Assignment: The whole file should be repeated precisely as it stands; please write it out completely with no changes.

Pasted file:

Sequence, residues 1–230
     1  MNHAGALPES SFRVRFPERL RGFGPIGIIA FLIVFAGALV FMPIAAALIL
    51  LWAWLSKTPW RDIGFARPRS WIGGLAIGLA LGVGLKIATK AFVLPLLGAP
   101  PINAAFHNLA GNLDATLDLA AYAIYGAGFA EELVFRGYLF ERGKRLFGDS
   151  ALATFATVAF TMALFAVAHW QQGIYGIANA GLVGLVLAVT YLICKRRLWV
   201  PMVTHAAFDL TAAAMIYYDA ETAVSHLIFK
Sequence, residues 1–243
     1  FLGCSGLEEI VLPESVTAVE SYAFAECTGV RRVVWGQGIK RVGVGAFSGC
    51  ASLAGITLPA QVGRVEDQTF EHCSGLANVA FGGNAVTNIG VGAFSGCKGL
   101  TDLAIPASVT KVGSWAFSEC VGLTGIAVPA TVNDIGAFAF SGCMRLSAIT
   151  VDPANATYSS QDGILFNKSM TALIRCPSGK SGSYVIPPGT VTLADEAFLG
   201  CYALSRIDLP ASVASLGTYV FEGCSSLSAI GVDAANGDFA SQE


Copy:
Sequence, residues 1–230
     1  MNHAGALPES SFRVRFPERL RGFGPIGIIA FLIVFAGALV FMPIAAALIL
    51  LWAWLSKTPW RDIGFARPRS WIGGLAIGLA LGVGLKIATK AFVLPLLGAP
   101  PINAAFHNLA GNLDATLDLA AYAIYGAGFA EELVFRGYLF ERGKRLFGDS
   151  ALATFATVAF TMALFAVAHW QQGIYGIANA GLVGLVLAVT YLICKRRLWV
   201  PMVTHAAFDL TAAAMIYYDA ETAVSHLIFK
Sequence, residues 1–243
     1  FLGCSGLEEI VLPESVTAVE SYAFAECTGV RRVVWGQGIK RVGVGAFSGC
    51  ASLAGITLPA QVGRVEDQTF EHCSGLANVA FGGNAVTNIG VGAFSGCKGL
   101  TDLAIPASVT KVGSWAFSEC VGLTGIAVPA TVNDIGAFAF SGCMRLSAIT
   151  VDPANATYSS QDGILFNKSM TALIRCPSGK SGSYVIPPGT VTLADEAFLG
   201  CYALSRIDLP ASVASLGTYV FEGCSSLSAI GVDAANGDFA SQE